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A Game Of Hide And Seek (VMC) Paperback – 1 Oct 2009

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A Game Of Hide And Seek (VMC) + At Mrs Lippincote's (VMC) + A Wreath Of Roses (VMC)
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Product details

  • Paperback: 320 pages
  • Publisher: Virago (1 Oct. 2009)
  • Language: English
  • ISBN-10: 1844086194
  • ISBN-13: 978-1844086191
  • Product Dimensions: 12.7 x 2.1 x 19.6 cm
  • Average Customer Review: 4.1 out of 5 stars  See all reviews (12 customer reviews)
  • Amazon Bestsellers Rank: 72,708 in Books (See Top 100 in Books)

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Product Description


The unsung heroine of British 20th-century fiction. Elizabeth Taylor wrote 12 novels, and each displays her exquisitely light touch, her firt for discreet irony and her skill at revealing the emotional depths behind even the meekest exterior. She is at her very best here, a novel in which love is never declared, but is meticulously evoked. No writer has described the English middle classes with more gently devastating accuracy (Rebecca Abrams, SPECTATOR)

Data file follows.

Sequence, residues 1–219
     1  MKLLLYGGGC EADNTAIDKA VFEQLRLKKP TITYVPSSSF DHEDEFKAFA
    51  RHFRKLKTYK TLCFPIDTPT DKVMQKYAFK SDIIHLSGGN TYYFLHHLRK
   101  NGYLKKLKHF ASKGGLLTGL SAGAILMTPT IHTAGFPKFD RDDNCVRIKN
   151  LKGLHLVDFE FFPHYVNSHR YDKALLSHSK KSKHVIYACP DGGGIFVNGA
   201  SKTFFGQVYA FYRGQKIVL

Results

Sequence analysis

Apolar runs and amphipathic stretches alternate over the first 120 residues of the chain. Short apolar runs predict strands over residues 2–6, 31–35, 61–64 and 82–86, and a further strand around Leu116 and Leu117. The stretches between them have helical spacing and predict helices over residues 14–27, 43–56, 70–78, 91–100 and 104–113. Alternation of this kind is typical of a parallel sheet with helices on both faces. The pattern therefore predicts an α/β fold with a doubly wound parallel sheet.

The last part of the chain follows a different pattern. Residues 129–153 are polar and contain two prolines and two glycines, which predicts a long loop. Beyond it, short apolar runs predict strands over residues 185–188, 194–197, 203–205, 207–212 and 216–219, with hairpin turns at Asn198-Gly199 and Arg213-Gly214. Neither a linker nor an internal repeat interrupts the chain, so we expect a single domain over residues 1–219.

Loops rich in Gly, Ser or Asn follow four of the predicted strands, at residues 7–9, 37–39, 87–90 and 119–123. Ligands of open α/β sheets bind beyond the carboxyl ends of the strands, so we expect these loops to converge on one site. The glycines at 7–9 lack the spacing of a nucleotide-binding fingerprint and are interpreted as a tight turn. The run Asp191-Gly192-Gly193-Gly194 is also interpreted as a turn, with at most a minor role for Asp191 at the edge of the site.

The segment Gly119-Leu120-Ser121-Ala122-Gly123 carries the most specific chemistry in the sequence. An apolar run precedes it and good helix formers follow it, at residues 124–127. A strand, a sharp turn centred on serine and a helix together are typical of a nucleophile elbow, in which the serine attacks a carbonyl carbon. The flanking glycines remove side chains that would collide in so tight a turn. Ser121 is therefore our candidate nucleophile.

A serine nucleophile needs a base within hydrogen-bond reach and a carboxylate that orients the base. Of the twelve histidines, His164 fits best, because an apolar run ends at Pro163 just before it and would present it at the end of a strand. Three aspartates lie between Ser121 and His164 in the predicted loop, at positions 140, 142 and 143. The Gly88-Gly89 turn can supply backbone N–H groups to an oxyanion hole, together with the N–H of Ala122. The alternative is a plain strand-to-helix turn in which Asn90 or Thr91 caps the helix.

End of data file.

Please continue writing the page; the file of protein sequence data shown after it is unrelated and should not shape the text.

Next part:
Book Description

Taylor is one of the hidden treasures of the English novel' Philip Hensher, Daily Telegraph

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Most Helpful Customer Reviews

4 of 4 people found the following review helpful By Eleanor TOP 500 REVIEWER on 19 Aug. 2011
Format: Paperback
"A Game of Hide-and-Seek", first published in 1951, opens in the 1920s. Harriet and Vesey are two teenagers playing the game with their young charges:

"They could not run fast across those uneven fields; nor did they wish to, since to find the hiding children was to lose their time together, to run faster was to run away from one another. The jog-trot was a game devised from shyness and uncertainty. Neither dared to assume that the other wished to pause and inexperience barred them both from testing this."

Harriet is kind and shy whilst Vesey hides his insecurity with selfishness and cruelty. The game with which the book opens is played, in one form or another, throughout their lives which are marked by regret, repression, and things unsaid.